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University of Michigan School of Information


Digital Street Theater for Global Maternal and Child Health Education

Maternal mortality and deaths of children under age five remain high across much of the low-income world. Although well-funded global health efforts have halved the rate of these deaths worldwide, many countries still have high mortality rates (e.g., Pakistan), while others have experienced backslides (e.g., South Africa). Disturbingly, the United States has seen increases in maternal mortality, so the problem is not simply about availability of funding. Gaps in culture and education mean that public messaging designed by slow-moving committees of college-educated health specialists are unconvincing for low-literate communities and unresponsive to volatile, locally generated health myths. 

Low-literacy communities have rich oral traditions instead of text-based ones. In rural South Africa, community-produced street theater is widespread. Pakistan has street theater too, but maternal folk wisdom tends to be privately transmitted from mothers to daughters. In inner-city America, large families share information through tightly knit social networks. Potential digital channels differ as well. In South Africa, low-cost smartphones are increasingly common, even in poorer townships, but the cost of mobile internet is high. In Pakistan, women tend to be limited to “dumb” phones which they borrow from their husbands. In Detroit, Facebook and other social media dominate, with intense intra-family sharing.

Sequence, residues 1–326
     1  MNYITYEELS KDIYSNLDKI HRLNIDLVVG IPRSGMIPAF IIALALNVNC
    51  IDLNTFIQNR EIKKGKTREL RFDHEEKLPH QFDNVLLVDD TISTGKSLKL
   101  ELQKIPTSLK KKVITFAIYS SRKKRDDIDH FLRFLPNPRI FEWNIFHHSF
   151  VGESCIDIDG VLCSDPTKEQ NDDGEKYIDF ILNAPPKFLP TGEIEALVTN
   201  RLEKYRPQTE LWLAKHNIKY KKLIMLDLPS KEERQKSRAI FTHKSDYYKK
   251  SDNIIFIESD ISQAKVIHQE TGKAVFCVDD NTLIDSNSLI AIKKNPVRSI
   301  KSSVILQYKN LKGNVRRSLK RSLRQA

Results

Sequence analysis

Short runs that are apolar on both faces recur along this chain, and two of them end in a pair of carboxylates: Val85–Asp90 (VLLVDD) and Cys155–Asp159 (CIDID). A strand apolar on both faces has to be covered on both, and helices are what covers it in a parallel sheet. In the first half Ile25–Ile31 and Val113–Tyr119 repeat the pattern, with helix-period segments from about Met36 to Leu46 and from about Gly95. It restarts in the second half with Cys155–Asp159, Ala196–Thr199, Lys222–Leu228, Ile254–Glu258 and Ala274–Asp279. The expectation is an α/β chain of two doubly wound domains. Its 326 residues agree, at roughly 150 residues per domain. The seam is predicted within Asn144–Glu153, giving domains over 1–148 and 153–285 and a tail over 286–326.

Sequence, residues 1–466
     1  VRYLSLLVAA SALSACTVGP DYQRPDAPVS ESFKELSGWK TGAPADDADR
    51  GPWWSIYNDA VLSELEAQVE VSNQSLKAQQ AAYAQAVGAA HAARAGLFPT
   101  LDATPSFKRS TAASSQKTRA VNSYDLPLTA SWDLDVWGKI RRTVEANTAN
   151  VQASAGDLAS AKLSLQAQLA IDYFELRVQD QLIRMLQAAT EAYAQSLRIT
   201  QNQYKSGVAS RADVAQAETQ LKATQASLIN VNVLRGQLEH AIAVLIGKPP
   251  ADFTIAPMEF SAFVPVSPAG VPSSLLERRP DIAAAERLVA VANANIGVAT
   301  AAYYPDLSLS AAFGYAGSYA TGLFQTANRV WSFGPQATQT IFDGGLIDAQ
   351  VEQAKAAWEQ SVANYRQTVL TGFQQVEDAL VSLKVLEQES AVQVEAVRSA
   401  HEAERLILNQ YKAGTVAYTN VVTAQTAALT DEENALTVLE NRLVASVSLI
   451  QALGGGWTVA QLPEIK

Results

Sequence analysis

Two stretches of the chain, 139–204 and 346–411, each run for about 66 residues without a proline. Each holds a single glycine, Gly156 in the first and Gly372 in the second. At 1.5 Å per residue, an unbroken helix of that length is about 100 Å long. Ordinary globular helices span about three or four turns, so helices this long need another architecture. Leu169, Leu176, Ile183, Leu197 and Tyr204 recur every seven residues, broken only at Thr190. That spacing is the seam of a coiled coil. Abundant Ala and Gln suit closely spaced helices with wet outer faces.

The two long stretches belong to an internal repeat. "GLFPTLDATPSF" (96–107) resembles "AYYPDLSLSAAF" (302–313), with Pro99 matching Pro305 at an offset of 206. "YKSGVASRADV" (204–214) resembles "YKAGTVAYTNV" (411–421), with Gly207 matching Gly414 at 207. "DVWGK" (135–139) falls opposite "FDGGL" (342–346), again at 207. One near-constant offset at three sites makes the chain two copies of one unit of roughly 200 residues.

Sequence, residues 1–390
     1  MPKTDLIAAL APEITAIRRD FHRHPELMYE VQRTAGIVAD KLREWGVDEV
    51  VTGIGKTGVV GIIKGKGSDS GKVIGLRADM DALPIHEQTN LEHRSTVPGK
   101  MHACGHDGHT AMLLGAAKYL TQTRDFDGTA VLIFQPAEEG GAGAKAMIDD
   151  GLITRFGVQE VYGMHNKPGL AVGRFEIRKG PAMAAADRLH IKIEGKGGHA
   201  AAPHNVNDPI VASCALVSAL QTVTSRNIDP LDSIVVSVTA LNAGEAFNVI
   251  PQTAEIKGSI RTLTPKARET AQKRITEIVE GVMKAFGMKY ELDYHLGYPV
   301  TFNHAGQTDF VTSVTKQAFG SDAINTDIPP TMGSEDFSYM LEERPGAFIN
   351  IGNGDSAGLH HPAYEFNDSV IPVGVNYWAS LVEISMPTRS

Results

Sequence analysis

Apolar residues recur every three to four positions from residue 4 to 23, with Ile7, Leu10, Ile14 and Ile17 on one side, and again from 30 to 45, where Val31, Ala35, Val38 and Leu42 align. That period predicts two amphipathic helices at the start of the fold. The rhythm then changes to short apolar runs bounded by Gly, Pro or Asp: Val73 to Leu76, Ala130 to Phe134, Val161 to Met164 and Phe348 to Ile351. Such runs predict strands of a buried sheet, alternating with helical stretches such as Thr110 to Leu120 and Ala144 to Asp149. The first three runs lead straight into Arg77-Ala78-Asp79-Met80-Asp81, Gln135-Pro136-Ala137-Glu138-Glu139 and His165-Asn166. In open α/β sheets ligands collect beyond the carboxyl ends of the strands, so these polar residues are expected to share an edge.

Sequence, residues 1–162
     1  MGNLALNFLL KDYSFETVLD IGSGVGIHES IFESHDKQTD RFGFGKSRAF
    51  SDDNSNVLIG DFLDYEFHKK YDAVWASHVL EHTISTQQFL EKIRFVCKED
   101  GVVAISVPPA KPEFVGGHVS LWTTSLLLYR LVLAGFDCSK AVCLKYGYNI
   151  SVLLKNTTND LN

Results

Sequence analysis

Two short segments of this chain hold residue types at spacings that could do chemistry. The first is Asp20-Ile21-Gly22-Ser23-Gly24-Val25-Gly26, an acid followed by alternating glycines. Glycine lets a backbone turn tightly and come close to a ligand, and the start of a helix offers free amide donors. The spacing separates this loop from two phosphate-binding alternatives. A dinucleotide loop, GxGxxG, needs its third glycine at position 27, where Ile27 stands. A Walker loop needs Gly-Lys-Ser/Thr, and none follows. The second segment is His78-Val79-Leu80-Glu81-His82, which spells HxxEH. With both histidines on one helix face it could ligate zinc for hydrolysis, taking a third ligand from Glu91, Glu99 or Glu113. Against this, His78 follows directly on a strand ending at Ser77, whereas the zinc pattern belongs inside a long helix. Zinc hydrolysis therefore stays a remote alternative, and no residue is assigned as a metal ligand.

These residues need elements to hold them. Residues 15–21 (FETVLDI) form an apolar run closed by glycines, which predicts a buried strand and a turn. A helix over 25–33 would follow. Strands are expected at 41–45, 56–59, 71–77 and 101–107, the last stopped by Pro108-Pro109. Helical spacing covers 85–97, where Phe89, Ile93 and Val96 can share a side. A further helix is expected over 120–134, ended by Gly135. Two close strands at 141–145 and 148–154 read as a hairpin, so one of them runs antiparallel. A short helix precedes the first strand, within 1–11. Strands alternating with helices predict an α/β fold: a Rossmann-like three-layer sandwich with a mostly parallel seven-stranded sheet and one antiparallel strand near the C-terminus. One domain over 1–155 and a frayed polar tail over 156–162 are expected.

Culturally credible video/audio recordings that are used by local organizations and distributed using customized digital technologies are the objective. In each site — Detroit, Cape Town, Lahore, and surrounding rural areas — researchers will conduct ethnographic design, community-based content development, participatory technology design and deployment, and pilot evaluations. Oral traditions provide credibility with local communities; public health input ensures medical validity; and digital channels offer quick, adaptive communication with potential to scale.

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The amount of the award is $500,000 for UMSI for the project period. The grant is funded by the National Academy Keck Futures Initiative.